It is hard to put into words what the group has come to mean to us. It is a safe place where our real troubles and heartache can be shared and joys celebrated. Yes, it is chaos and the one time we tried a Bible meditation it failed because of chasing after the toddlers! But we are growing in Christ together, encountering the Lord and discovering more about ourselves. In September Laura returns to work, but she has changed her days so that she can continue to attend the Bible study. Our prayer is that more women (men are welcome too!) will join us.

Perhaps Paul’s prayer in Ephesians 3:14 is most applicable. “For this reason I kneel before the Father from whom his whole family in have and on earth derives its name. I pray that out of his glorious riches he may strengthen you with power through his Spirit in your inner being, so that Christ may dwell in your heard through faith. And I pray that you, being rooted and established in love, may have power, together with all the saints, to grasp how wide and long and high and deep it the love of Christ.” 

Bethany Green

Rosedale Community Church


*A term Rick Warren from Saddleback Church coined to identify a local move of God

Prayers for Albania Trip

Please pray for Becky, Esther, Stephanie and Bethany from Rosedale Church in Cheshunt. Suggested prayers are featured on the illustrated Albania Prayer Diary.

The girls will be travelling to Albania from Saturday 27 July to Saturday 10 August to support the Youth With A Mission (YWAM) base in their summer mission to Durres, a port city on the Adriatic Sea, west of the capital, Tirana.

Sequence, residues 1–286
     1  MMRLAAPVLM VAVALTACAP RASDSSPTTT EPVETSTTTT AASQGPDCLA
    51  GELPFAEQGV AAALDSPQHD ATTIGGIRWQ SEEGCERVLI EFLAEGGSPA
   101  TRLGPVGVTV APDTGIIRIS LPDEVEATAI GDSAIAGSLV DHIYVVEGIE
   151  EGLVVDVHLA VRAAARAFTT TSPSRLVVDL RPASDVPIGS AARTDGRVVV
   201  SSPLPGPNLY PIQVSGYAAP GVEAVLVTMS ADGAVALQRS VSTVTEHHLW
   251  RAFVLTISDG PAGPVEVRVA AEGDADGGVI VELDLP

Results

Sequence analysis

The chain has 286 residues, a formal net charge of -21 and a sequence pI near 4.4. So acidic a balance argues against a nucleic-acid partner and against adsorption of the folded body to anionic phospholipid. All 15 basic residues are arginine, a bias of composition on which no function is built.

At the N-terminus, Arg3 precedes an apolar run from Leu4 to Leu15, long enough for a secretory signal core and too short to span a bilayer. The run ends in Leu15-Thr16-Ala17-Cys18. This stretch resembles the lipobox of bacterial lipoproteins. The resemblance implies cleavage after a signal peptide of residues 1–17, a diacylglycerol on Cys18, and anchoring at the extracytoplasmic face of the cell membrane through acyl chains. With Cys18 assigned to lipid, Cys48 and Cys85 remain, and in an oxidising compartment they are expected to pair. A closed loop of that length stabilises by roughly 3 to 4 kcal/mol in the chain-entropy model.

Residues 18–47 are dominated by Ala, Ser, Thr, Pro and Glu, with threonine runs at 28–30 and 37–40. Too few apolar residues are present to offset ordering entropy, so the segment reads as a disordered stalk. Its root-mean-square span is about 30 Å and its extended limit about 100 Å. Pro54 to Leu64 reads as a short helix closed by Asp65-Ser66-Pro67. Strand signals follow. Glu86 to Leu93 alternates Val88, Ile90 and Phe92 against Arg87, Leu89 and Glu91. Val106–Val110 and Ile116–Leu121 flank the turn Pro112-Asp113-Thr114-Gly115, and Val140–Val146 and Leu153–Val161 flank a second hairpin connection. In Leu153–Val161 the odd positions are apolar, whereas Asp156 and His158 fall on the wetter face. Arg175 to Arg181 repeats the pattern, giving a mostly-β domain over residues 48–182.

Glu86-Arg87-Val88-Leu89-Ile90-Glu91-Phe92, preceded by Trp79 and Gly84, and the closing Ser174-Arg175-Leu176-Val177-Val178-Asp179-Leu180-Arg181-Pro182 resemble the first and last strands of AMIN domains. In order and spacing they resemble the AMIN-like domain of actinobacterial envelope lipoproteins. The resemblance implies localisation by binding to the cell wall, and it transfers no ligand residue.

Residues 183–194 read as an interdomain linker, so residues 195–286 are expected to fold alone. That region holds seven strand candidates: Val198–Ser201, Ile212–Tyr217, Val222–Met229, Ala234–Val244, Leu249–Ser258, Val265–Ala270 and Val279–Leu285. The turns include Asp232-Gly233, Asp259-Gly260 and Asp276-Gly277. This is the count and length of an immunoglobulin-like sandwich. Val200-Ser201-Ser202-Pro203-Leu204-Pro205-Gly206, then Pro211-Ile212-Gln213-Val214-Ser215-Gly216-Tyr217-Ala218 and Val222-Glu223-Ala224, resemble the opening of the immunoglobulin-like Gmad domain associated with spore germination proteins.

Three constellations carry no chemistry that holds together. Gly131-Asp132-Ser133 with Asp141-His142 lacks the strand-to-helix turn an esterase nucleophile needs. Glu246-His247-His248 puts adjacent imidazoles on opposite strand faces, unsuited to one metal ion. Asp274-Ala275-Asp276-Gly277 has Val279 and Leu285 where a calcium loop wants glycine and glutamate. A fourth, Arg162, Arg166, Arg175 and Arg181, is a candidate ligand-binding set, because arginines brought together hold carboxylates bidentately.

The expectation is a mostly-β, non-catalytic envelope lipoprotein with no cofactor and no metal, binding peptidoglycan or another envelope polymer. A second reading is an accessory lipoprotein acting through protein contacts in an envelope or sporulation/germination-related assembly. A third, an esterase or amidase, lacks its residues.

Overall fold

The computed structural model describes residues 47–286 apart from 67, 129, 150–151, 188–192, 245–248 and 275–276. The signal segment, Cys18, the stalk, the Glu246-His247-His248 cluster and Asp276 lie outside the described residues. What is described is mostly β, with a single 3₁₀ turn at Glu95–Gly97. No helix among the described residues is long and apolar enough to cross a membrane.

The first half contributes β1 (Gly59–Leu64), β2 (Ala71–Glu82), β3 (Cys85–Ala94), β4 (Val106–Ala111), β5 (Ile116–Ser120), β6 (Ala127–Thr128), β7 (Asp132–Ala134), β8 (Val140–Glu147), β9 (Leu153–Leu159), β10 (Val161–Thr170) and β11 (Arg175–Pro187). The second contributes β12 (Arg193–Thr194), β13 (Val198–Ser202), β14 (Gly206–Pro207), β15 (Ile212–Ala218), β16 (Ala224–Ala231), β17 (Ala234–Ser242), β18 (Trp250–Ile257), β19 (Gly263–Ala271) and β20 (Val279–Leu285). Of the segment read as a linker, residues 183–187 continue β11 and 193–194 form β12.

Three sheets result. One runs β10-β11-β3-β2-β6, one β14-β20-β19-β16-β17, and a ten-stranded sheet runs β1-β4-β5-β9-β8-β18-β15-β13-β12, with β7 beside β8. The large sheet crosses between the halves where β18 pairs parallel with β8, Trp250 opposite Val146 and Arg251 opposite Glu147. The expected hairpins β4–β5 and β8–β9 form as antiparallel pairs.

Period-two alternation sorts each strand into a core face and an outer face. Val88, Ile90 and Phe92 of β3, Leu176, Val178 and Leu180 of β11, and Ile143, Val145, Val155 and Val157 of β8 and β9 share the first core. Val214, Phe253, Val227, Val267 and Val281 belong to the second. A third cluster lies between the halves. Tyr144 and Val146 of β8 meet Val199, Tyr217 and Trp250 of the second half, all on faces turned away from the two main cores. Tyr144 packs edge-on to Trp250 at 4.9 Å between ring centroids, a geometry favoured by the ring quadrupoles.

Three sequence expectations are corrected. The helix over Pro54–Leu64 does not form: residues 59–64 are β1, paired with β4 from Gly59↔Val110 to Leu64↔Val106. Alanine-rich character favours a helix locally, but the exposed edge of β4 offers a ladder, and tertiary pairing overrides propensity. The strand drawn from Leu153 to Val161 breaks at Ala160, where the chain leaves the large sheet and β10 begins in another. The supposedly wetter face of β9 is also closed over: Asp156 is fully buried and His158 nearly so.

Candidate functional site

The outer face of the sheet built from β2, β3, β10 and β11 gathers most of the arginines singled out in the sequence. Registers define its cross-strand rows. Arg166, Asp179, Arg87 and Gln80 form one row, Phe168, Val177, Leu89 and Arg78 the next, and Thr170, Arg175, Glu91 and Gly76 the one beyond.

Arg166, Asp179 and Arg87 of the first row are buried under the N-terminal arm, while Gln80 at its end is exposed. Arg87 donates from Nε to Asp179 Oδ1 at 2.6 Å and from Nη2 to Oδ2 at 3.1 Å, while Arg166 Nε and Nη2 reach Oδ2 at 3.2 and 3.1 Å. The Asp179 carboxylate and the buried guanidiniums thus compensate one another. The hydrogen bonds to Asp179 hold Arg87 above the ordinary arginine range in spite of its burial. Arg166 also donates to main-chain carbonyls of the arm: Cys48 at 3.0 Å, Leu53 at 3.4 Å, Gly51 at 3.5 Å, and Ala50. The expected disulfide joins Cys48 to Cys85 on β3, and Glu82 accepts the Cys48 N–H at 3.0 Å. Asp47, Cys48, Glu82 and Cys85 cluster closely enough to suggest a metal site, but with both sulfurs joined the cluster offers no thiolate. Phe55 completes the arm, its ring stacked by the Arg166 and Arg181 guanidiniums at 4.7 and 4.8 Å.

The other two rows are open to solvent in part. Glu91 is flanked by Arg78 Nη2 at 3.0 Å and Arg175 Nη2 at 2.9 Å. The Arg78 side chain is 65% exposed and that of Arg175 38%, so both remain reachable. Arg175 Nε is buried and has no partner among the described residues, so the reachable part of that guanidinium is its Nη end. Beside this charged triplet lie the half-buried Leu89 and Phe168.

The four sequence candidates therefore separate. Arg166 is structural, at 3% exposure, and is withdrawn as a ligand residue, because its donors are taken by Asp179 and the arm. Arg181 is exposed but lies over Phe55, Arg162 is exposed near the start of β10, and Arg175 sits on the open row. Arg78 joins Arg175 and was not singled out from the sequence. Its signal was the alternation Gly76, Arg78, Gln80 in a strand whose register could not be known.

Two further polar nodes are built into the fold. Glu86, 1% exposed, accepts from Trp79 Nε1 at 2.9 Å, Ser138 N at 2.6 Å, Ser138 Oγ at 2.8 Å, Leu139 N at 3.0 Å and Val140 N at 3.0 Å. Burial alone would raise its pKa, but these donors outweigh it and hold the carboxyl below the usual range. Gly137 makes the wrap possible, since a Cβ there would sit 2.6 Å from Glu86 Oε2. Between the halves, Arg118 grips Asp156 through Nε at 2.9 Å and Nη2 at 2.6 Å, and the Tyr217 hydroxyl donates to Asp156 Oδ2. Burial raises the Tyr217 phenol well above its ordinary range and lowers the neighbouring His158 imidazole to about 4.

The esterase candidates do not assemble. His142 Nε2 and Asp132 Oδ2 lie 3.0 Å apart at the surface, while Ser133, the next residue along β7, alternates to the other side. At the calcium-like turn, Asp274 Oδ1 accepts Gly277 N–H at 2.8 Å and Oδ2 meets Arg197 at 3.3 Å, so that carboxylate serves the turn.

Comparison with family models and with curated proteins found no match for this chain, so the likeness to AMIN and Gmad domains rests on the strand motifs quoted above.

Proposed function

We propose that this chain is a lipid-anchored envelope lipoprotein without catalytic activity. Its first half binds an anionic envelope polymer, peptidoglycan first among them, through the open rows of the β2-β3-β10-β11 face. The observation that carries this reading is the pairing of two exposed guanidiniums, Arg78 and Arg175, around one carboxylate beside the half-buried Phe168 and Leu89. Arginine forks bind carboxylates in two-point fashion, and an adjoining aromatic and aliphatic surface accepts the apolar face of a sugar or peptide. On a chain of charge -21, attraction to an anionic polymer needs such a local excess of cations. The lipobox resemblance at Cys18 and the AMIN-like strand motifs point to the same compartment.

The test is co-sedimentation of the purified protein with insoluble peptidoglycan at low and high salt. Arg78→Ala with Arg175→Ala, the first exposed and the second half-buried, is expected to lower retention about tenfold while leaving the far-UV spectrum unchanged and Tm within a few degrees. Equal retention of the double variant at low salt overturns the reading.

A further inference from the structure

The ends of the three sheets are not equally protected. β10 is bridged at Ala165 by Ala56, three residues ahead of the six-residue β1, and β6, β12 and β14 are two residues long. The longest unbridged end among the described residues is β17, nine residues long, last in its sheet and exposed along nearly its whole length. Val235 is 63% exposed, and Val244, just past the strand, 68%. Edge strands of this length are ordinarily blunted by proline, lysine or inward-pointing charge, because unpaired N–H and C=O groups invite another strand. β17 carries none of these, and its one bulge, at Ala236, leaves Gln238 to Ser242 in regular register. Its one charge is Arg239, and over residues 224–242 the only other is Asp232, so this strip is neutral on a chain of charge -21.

News from Sierra Leone visit

Janet O’Shea, from Zion Community Church in St Ives, returned from her trip to Sierra Leone in July. During her visit to support schools and the local communities, Janet was accompanied by her 14 year-old granddaughter Nina and Tino, aged 19, who has previously done an amazing job working with children and teenagers at Zion.

Short report from Janet

We had an amazing visit!

At first, the teaching was an uphill struggle at Brama School, but by the end of the stay we had finally reached the mountaintop. We taught the Brama children for eight days from 8am until 2pm, before taking a rest, then returned to the school to paint and decorate the classrooms from 4pm until 7pm.

During the evening Magnus Bendu often took us to meet folk from the local communities, and one night we helped to feed the street children. 

I led a Sunday School training course on the first Saturday morning of our trip and also attended a ministers fraternal on the following Saturday. 

Life at Bethesda Orphanage continues to flourish and the children there are a true testimony of the Saving Grace of Jesus. Bethesda supports a large number of children who live on the streets of Sierra Leone and provides a home for orphans whose family cannot be traced.


The main picture shows Janet decorating one of the newly painted classrooms, and her teaching one of the classes above. Below features the new reading area where the children can enjoy the many 100s of books that have been donated to the school.


Making a donation to The Connexion, Sierra Leone Mission

If you would like to contribute towards the important work of The Connexion’s Sierra Leone Mission, please click on the Donate button at the top of the Homepage. All donations, no matter how small, are of huge value.

The mission supports the work of our churches in Sierra Leone, contributing to ministers’ wages, providing funding for ministerial training, and building and maintaining churches. It also supports care and education through the Bethesda Orphanage and The Connexion’s schools, helping with teachers’ salaries and teacher training. When necessary the mission can also help in times of emergency or urgent need.